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What is the mechanism of action of somatostatin?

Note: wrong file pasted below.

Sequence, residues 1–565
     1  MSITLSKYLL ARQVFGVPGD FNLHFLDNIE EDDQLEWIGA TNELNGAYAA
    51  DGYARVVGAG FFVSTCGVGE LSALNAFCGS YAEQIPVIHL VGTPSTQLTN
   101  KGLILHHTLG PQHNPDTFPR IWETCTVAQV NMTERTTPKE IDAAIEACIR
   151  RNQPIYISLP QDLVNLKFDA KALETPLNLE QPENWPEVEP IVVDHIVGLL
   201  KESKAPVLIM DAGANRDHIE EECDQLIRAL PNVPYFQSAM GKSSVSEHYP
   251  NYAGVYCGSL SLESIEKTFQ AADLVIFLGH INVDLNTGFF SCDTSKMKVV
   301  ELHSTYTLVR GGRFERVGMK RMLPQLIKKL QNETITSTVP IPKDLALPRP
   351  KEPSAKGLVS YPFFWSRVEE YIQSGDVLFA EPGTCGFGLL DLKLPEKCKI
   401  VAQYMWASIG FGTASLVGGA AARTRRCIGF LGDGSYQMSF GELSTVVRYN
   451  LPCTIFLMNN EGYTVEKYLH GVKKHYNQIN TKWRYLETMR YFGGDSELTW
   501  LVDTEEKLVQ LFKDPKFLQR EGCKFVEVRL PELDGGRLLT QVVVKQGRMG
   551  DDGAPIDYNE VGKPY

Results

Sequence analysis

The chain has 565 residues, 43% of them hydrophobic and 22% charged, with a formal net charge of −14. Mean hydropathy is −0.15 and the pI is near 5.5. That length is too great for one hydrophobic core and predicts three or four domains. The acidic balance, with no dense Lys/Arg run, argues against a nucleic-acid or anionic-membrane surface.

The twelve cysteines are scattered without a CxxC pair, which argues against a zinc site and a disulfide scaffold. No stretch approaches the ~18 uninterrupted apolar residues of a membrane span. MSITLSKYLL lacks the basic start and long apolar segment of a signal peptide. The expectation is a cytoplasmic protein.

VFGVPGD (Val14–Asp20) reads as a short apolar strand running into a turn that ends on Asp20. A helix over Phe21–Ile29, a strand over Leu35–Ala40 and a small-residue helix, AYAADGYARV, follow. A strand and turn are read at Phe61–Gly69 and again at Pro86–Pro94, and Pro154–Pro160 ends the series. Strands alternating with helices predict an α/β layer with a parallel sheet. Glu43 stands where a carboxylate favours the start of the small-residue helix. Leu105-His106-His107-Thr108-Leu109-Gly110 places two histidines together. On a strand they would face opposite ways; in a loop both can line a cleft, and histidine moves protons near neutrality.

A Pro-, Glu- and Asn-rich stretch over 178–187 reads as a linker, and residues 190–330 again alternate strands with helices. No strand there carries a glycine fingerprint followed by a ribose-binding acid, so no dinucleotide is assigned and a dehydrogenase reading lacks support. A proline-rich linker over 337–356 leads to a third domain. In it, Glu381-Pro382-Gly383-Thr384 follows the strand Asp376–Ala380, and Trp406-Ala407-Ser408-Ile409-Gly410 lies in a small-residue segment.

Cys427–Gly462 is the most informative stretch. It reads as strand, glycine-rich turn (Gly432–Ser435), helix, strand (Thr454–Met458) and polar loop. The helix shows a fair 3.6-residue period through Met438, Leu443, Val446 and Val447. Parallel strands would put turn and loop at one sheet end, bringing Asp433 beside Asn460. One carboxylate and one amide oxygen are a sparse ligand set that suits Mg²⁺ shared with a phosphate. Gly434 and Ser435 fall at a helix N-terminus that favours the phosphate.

Octreotide is a synthetic analog of somatostatin, which is a natural growth inhibitor that also competitively inhibits release of several hormones. It decreases serotonin levels and relieves the symptoms of carcinoid syndrome. Somatostatin has been shown to suppress diarrhea associated with VIP tumors. It has a transient half-life; therefore, intravenous infusions are required for treatment of acute crises. For preoperative prophylaxis, octreotide 50–150 μg every 8 hours subcutaneously is recommended. If patients are on long-term therapy, the dose can be adjusted accordingly. Side-effects include ascending cholangitis or cholelithiasis because somatostatin inhibits gallbladder contractions. Other side-effects include nausea, vomiting, pain, diarrhea, and bradycardia. This occurs more commonly with larger doses. Symptoms are variable in different patients. Steatorrhea is occasionally observed, but this is generally mild and not associated with significant nutritional impairment. Somatostatin suppresses the response of leutinizing hormone (LH) to gonadotropic releasing hor-mone (GnRH). It decreases splanchnic blood flow and inhibits the release of serotonin, gastrin, VIP, and pancre-atic polypeptide. VIP-omas tend to cause watery diarrhea rather than steatorrhea, which is common with metastatic carcinoid tumors. Octreotide reduces growth hormone levels in patients with acromegaly as well.
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